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Having lived in Japan as an "unaligned" Westerner I wonder where you get your information, Yuna is far from hated in Japan. She was voted the 10th most admired athlete among Japanese of 2009. Having lived in Korea, Japanese athletes and pop idols are far from hated in Korea. Aside from Ichiro and others who have antagonized Korean pride, many many Japanese artists are accepted and appreciated in Korea perhaps more than anywhere else in Asia. In both nations, the cultural footprint of the other is larger than any other nation, save the United States (which dominates both countries). There's a simply explanation why Yuna spells and pronounces her name as she does. Korean culture with its roots in Buddhism and Confucianism teaches harmony with your environment. Many Koreans anglicize their names in manner that they think graciously makes it easier for their American "hosts." For example to make things easier and not cause embarrassment for Western pronunciations it's common for Korean Americans adopt one syllable of their name for their coworkers or colleagues. So "Seung-Eun" might become "Sung." In the old days many Koreans would simply go by "Kim" despite the fact that in Korea both those names would not only be awkward but totally impractical (how many "Kims" are there in Korea?) There isn't a ready analogue for Yuna's Korean name (which to my ears is best approximated by rhyming with "bun-a") However "Yoon" is an established name both by Koreans and Chineses overseas. It's easy to extrapolate why Yuna chose that for her anglicized name
Hey Philip, as an American who's lived in Korea (and Japan) Korean names can be tricky to romanize. First start with the fact that there isn't one but THREE systems that have been used to translate the Korean alphabet (Hangul) into English (the older McCune-Reischauer, the newer Revised Romanization, and the esoteric Yale Romanization of Hangul). Add on top of that the fact that Korean names are unlike Western names which consist of a Given (Christian) first name and a Family last name. Korean names are more along the lines of Classical praenomen, nomen, cognomen or German Vornamen. Korean names are 2 words but consist of 3 components indicating, family, generation, individual. All cousins within a generation share a common syllable in composite first name. For example, Yu-Na has a sister (I believe her name is Ha-Na). Any female cousins in the same generation would all be a variant of XX-Na. To make things more confusing, the generational component may be either the first or the second syllable of their given name. However the combination of the generation + individual is a single name. For example no one in Korea would refer to a girl with the composite Yu-Na as "Yu" or "Na" but always in combination "Yu-Na" (not the least because "Na" could mean any of the sisters!) There are no strict conventions in converting names to English but this is a long winded post to say basically say, you are correct. The preference of many Korean-Americans when romanizing their given name into a single word is to omit the hyphen. Sounds from your other post that Yuna has decided to do the same. Phillip I've had the opportunity to read a number of your articles concerning Ladies Figure Skating and I have to say keep up the good work and keep your head up. The craziness on the Internet (in my opinion) and media coverage of these ladies doesn't in reflect the truth that Japan and Korea are trading partners, neighbors and have many things in common. In my real world experience I'd characterize their sporting rivalry as a "friendly" if heated rivalry something south of say Red Sox-Yankees. Let's put it this way, I've seen more than 1 fight break out on Landsdown street between fans, something I've never seen in either Korea or Japan (and I was in Japan during the last WCB and in Korea for the 02 World Cup)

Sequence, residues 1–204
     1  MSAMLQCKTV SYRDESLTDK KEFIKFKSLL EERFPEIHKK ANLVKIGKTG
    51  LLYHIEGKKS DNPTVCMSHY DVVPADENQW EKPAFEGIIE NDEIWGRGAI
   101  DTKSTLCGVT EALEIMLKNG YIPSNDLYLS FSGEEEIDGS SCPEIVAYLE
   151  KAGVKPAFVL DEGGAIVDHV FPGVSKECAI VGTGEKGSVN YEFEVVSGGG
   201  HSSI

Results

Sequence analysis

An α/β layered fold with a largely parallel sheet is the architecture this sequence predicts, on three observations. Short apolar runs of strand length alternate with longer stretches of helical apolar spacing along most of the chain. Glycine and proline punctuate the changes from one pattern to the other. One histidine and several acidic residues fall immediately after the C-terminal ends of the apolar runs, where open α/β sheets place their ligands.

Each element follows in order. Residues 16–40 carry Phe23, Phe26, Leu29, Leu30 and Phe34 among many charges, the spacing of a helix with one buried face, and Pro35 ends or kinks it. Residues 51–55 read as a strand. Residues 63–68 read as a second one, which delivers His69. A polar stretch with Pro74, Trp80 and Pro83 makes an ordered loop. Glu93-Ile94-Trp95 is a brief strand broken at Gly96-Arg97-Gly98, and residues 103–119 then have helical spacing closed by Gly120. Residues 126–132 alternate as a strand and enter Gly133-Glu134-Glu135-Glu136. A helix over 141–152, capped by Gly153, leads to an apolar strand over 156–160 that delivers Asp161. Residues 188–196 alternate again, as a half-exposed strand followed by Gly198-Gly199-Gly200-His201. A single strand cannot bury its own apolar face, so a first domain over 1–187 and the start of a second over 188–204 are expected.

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Feb 28, 2010